Christmas anxiety. A wash of feelings, pulling and pushing in opposite directions. I’m a sociable person, I love my friends. Now it’s December and I’m all ‘hopefully we can catch up before Christmas?’
I invite, or accept invitations, with joy, and then approach the days themselves with dread. Will I spend hours on my return, mulling over a throwaway comment I made, seeking malevolence in words that were not meant to hurt? Deliberately sabotaging my own friendships, and my own fragile resilience?
So last year, I stopped saying ‘let’s meet up before Christmas’ and started saying ‘have a lovely Christmas! See you next year.’
To anyone reading this who feels anxious around Christmas, I just want to say: you don’t have to see anyone, if you don’t feel like it. Look after yourself, OK? And I’ll see you next year.
Here is an update on how I am feeling.
I am nearly two weeks into taking my daily pill. I have some paid freelance work today, and I’m driving to the meeting where I’m expected to take a minute of the proceedings.
My usual thoughts at a time like this are as follows:
‘I won’t be able to keep up with my shorthand.’
‘I won’t be able to read my shorthand back.’
‘I won’t be able to follow what is going on.’
‘I won’t make my deadline for the draft.’
‘Someone will tell me I am not dressed smartly enough for this job.’
And my personal favourite: ‘Am I heading to the right venue at the correct time?’
I am driving to the meeting.
I am thinking – ‘I’ve got this.’
It was a good call to go to the GP.
So last week, I was persuaded to go to the Doctor. I have been ‘out and proud’ about my mental health since suffering two episodes of psychosis in my late teens.
But I didn’t realise I was still ashamed. Happy to be medication free since 2003, (and not just because it rhymes), over the 14 years since I have tried a range of things to stay off the daily tablets.
- Counselling x3
- Diazepam (for the bad days)
- Leaning on friends
- Maintaining a tinylife
Last week, it became clear that my less-than-good mental health is not something that is going away any time soon. I thought I didn’t care about the stigma. I do care. But not enough to risk my health and the wellbeing of those around me.
So, I’m back on the tablets. And I’m getting on with my tinylife.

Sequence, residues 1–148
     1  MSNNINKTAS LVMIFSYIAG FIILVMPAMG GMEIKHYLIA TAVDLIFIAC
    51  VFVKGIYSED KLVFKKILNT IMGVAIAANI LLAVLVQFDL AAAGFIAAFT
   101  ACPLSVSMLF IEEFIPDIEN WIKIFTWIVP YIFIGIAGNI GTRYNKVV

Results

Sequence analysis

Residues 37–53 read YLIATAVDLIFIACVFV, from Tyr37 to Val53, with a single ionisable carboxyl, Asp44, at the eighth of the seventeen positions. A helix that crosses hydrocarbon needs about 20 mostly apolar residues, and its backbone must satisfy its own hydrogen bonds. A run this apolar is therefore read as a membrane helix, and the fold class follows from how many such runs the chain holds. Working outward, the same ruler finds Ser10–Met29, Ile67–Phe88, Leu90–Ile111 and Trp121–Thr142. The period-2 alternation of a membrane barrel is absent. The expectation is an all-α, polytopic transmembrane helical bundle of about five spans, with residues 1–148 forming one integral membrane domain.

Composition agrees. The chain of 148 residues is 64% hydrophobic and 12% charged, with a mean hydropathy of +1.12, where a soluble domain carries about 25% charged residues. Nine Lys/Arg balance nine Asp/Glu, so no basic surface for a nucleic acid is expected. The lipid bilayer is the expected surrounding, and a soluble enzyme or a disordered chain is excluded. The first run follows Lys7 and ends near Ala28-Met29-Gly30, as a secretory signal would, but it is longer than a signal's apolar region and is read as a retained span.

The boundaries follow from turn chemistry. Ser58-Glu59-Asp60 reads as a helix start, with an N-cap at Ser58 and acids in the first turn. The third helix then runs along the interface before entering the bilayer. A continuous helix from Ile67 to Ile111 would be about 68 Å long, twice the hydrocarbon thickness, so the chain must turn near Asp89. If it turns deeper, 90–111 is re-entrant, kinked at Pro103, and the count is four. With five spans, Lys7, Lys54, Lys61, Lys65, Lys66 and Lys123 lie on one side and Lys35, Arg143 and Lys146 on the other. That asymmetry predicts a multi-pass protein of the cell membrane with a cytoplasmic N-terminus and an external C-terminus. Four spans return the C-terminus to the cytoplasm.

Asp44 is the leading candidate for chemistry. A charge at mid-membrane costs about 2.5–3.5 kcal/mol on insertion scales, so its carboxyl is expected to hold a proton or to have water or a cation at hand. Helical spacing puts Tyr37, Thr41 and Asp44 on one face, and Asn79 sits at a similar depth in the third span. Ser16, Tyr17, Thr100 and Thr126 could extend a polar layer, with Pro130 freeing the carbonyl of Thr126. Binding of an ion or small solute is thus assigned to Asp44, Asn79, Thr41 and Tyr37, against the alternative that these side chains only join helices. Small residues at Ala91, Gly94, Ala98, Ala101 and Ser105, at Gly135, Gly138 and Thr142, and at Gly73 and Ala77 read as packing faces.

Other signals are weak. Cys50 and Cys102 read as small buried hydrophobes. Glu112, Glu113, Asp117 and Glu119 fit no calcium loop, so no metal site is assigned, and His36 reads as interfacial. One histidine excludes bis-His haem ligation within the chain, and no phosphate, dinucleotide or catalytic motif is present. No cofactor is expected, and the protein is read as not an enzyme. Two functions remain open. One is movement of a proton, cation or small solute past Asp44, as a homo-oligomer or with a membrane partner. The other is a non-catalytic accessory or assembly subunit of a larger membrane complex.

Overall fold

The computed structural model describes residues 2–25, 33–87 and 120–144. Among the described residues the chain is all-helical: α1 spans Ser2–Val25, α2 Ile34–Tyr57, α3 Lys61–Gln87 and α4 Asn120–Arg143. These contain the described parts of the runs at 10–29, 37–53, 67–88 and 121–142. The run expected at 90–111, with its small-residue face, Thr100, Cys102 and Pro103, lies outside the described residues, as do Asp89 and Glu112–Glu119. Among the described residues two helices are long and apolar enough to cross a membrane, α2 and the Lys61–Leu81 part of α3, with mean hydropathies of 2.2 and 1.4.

‘Do you think maybe you need to go to the Doctor?’
I have asked this more times than I can count. To friends that have seemed more than a little bit down, to family that don’t seem to be able to stop. I’m not sending them for a sore throat or a muscle strain, I’m asking whether they need some medical assistance with their mental health.
Awareness is so much better than it was, but stigma is, in my opinion, as bad as it ever was. Of course no one wants to feel that they can’t get through the day without taking a tablet, doing a meditation, knowing that another counselling session is on its way. But if that is what you need.
If that is what you need.
Last week, someone asked me. And I went.
More next week.
Ten of the Best Things About Autumn
by Penny Hext.
- Woodland walks: fungi, fallen leaves, seeing tree shapes outlined against the sky.
- Short days… longer nights. More time for a) beauty sleep b) bedtime reading c) erm… recreational activities.
- Winter woollies. Colour and texture hide a multitude of sins. Summer’s AGES away!
- Hair lasering. Start on that beard now. (Moi?)
- Night-time sky walking. The best possible backdrop for creepy ghost walks. Go on. Try it!
- Enjoying Autumn colours: reds, russets, auburns, coppers…
- Time to take stock and recalibrate – before the year ends. You’ve still got time to fulfil your resolutions!
- Wildlife spotting: squirrels, herons… figuring out where the heck birds roost at night. Nests are for fledglings.
- Mulled wine.
- Puddings. Those brambles and apples you gathered in September need eating, don’t they?
Penny is a writer who lives in Edinburgh
I open my mouth to respond to the question from my kids’ piano teacher, but my oldest gets there first.
‘I want to learn that last bit of the piece,’ they say.
And they’re off. The piano teacher and student – a conversation I struggle to follow to be honest, I’ve never been able to play the piano. They are talking over my head. I’m not required.
But I consider it. It is terrifying to think of all the conversations my children will have to negotiate their way through without me there, throughout their whole lives.
Here is evidence that it will be OK.
Here is evidence that they can ask for what they need, want, and be heard.
Here is evidence that adults around them also want the best for them.
So I listen. And I allow them to talk.
‘I’m just emailing to see if you’d like to have an event at the Hub.’
This is a special feeling. I spend a lot of our time creating my own opportunities, submitting, asking to be included. Often, the answer is no answer. Often, the answer is ‘no thank you, please try again.’ Sometimes the answer is yes – an amazing feeling. But the question coming from someone else? This was a new one, a welcome addition to my writing experience.
So I am curating an event at Humbie Hub, with writer R L McKinney. It’s just over a month away, and I’m not as nervous as I am excited. We’ve planned such a great night, of stories, songs and STOVIES*. Please use the contact page if you’d like tickets. Or you can get them at the Hub!
*a traditional Scottish dish